It can today seem risky to suggest that the imagination is at the root of the sciences. We commonly think of the sciences as the field of facts, and art as a pleasing sort of deception. But these two books argue for fact as itself an achievement of literary and poetic form — especially in the rhetorical modes that make certain kinds of witnessing possible. Reminding us that facts are made isn’t to say that they don’t provide us with access to the real. On the contrary, remembering the imaginary institution of the empirical sciences reminds us what their pioneers knew all too well: that experimental knowledge has been, from the start, a rhetorical enterprise and a struggle to persuade. If we find ourselves, therefore, at another moment where the sciences have been thrown into doubt, remembering their imaginary institution suggests an important route forward. If scientists are authors, and facts are metaphors, what we need is rather more than less poetry: not so much Steven Pinker’s rationalist defense of progress, but labor like Siddhartha Mukherjee’s intimate history of genes, or Ruth Padel’s remarkable studies of Darwin. Stating the truth isn’t enough; facts are as delicate as the institutions that establish them. Rather, if it was the imagination that gave rise to the sciences in the first place, then the imagination surely should be avowed as an agent of their defense.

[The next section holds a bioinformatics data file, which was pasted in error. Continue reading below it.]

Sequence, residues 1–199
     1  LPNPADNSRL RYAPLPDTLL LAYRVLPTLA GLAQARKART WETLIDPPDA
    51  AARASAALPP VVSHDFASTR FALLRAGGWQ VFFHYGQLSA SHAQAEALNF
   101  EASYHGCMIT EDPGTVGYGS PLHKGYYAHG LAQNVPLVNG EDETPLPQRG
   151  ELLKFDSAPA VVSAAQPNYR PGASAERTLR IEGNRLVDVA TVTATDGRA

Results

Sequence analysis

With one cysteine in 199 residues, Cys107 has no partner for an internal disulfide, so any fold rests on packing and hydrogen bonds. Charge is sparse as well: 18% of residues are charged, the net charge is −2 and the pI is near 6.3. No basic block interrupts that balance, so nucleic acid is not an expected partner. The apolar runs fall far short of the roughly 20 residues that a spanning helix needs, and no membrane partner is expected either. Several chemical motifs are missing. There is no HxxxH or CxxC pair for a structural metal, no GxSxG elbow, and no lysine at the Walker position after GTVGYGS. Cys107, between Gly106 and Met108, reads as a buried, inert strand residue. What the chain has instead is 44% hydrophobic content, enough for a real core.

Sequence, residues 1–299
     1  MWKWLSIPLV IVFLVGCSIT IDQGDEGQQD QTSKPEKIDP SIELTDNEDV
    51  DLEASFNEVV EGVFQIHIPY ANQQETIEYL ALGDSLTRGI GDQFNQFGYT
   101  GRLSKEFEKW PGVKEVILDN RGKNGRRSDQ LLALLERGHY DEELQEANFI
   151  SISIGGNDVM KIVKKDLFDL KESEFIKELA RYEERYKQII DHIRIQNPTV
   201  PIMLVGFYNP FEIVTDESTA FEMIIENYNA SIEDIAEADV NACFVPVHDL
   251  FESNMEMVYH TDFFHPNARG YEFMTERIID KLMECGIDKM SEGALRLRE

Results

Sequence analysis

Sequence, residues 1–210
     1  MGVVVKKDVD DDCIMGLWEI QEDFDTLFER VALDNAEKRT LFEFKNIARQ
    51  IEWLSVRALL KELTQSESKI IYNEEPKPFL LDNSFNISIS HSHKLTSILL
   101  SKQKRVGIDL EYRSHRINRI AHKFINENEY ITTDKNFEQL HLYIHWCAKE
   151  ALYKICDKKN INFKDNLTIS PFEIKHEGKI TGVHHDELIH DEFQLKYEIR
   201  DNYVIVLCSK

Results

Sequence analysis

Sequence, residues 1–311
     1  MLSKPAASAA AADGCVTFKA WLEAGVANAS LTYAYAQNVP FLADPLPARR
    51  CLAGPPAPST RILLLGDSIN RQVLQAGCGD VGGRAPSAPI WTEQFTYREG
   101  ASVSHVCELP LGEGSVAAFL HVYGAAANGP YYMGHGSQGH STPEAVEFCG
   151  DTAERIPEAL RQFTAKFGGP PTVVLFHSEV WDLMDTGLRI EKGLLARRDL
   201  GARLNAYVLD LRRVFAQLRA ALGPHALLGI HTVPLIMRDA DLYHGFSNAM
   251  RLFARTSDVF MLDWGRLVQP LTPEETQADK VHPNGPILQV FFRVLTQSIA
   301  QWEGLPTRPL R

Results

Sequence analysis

Sean Silver teaches at Rutgers University. He is author of The Mind Is a Collection, and curator of an online museum of the same name.